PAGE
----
On Wed, Jun 04, 2014 at 06:17:29PM +0100, Greg Stark wrote:
> On Mon, Jun 2, 2014 at 2:10 PM, Fujii Masao <masao.fu...@gmail.com> wrote:
> > What about the case where we restore the backup to another server and
> > start the recovery? In this case, ISTM inode can be the same. No?
> Hm, I was about to comment that that seems very unlikely. Even on the
> same server if you delete the old database root and then unpack a
> backup it could possibly reuse the exact same inode again. But it's
> really not likely to happen.
> However in the brave new world of filesystem snapshots there is the
> possibility someone has "restored" a backup by opening one of their
> snapshots read-write. In which case the backup-label would have the
> same inode number. That would still be fine if the snapshot is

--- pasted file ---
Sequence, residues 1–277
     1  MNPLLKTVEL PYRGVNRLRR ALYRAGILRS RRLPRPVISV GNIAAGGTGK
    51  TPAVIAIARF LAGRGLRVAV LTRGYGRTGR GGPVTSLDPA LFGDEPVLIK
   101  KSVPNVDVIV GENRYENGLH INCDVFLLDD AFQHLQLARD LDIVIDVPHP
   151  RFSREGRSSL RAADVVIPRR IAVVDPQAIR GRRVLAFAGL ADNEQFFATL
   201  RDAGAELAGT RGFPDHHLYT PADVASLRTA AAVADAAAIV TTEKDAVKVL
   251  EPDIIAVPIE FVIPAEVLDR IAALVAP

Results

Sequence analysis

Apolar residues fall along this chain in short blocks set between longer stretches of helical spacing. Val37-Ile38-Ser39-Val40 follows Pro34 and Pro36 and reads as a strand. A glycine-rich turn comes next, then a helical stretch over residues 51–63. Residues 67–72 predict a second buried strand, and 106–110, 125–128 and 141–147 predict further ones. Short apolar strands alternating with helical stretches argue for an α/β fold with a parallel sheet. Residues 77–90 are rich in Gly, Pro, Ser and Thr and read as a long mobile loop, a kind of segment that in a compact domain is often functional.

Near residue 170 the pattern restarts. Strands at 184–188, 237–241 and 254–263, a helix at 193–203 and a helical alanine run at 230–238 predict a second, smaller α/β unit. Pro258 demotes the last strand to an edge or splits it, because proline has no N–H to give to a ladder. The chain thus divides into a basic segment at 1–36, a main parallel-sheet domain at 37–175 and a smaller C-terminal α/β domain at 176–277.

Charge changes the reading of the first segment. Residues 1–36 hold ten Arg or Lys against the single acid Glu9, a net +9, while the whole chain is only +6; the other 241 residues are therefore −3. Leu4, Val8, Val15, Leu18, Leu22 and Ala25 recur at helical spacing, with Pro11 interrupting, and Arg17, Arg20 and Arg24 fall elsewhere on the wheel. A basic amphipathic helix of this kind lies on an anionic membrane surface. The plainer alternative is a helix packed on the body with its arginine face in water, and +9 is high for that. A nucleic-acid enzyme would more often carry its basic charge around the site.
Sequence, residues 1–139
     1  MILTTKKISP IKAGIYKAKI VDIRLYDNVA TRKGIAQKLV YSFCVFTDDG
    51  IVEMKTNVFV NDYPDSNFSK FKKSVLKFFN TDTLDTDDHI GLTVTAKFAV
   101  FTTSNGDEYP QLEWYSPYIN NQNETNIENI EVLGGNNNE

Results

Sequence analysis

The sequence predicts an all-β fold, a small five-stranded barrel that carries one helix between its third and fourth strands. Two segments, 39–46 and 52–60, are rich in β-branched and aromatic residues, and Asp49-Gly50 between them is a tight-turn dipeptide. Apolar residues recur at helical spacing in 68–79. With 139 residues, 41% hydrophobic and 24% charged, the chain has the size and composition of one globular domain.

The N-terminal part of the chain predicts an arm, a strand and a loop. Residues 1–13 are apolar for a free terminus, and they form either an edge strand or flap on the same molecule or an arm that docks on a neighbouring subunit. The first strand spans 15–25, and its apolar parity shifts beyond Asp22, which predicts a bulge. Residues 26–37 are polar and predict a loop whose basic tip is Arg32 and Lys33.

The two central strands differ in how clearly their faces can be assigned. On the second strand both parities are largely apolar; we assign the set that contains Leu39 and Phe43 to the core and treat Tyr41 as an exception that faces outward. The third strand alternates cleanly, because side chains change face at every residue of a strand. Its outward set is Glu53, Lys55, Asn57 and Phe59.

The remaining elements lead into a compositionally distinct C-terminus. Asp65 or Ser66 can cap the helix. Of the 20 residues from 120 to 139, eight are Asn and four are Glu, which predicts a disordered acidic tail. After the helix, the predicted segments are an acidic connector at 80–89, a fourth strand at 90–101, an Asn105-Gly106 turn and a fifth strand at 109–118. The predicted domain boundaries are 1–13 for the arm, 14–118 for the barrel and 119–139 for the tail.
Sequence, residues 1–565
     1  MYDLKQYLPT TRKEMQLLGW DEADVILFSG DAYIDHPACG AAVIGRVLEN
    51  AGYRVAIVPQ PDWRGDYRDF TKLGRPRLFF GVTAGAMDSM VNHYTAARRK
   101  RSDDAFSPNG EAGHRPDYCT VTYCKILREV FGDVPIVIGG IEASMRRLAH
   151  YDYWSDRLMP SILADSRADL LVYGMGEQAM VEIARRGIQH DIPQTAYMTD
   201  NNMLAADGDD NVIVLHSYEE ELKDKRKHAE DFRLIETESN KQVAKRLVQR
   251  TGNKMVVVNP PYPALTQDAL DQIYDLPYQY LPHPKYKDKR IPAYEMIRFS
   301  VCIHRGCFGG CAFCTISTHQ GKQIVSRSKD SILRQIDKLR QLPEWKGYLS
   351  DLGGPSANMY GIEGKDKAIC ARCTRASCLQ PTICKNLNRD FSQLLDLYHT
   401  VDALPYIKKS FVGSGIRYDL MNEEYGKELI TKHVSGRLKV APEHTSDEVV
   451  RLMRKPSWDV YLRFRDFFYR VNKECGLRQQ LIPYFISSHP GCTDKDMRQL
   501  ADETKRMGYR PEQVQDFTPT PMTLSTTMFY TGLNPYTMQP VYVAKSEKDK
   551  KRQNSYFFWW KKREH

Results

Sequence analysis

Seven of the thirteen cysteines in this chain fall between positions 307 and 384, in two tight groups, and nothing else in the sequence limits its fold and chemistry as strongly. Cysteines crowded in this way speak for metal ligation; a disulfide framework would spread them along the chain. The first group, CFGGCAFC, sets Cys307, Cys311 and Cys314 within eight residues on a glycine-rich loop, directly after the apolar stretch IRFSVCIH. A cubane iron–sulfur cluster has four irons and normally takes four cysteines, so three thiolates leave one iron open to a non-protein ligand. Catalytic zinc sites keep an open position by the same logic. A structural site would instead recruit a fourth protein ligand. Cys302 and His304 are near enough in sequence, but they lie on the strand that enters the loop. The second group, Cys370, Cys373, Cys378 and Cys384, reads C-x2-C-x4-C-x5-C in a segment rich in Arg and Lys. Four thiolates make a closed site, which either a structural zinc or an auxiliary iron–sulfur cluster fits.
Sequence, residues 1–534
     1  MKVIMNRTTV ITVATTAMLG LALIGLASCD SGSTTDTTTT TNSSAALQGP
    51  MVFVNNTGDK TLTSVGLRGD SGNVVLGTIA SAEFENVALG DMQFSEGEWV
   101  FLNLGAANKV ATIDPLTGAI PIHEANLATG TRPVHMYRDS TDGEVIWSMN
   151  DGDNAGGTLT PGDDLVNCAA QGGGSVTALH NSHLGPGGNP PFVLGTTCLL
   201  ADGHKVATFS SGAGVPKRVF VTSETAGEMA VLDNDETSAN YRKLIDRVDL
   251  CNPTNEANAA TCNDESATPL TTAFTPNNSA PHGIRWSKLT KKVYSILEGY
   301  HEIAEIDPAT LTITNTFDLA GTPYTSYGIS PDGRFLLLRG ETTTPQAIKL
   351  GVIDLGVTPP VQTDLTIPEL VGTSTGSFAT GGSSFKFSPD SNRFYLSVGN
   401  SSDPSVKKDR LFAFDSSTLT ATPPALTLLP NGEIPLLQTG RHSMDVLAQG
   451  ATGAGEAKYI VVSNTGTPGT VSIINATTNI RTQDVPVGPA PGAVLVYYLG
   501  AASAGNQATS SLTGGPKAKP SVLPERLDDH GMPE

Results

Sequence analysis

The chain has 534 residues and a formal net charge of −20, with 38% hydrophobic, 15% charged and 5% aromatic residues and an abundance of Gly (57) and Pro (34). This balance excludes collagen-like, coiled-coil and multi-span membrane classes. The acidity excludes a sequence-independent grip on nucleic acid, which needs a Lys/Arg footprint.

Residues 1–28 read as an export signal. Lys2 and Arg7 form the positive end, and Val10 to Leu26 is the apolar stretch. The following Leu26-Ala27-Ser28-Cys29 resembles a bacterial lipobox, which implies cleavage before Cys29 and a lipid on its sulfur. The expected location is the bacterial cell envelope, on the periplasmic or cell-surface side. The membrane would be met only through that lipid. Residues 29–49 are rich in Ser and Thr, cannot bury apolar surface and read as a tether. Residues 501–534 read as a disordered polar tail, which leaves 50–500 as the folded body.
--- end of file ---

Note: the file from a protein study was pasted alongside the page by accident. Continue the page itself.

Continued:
> consistent but if they have tablespaces and those tablespaces were
> snapshotted separately then it wouldn't be ok.
> I think that's a fatal flaw unless anyone can see a way to distinguish
> a filesystem from a snapshot of the filesystem.

Implementations of the "dump" program likely have that property of preserving
inode metadata while not promising a consistent snapshot.  If we keep such
backup methods fully supported, I agree with your conclusion.

PostgreSQL can't, in general, distinguish an almost-snapshot from a master
that crashed during a backup.  But the administrator can track the difference.
If you use pg_start_backup(), your init.d script that gets control after a
crash can have 'rm -f "$PGDATA"/backup_label'.  Use a different script to
recover hot backups.  Perhaps what ought to change is the documentation and
contrib/start-scripts?  Maybe even add a --definitely-not-a-backup postmaster
option, so scripts need not hardcode knowledge of a semi-internal fact like
the name of the file to delete.


Noah Misch
EnterpriseDB                                 http://www.enterprisedb.com

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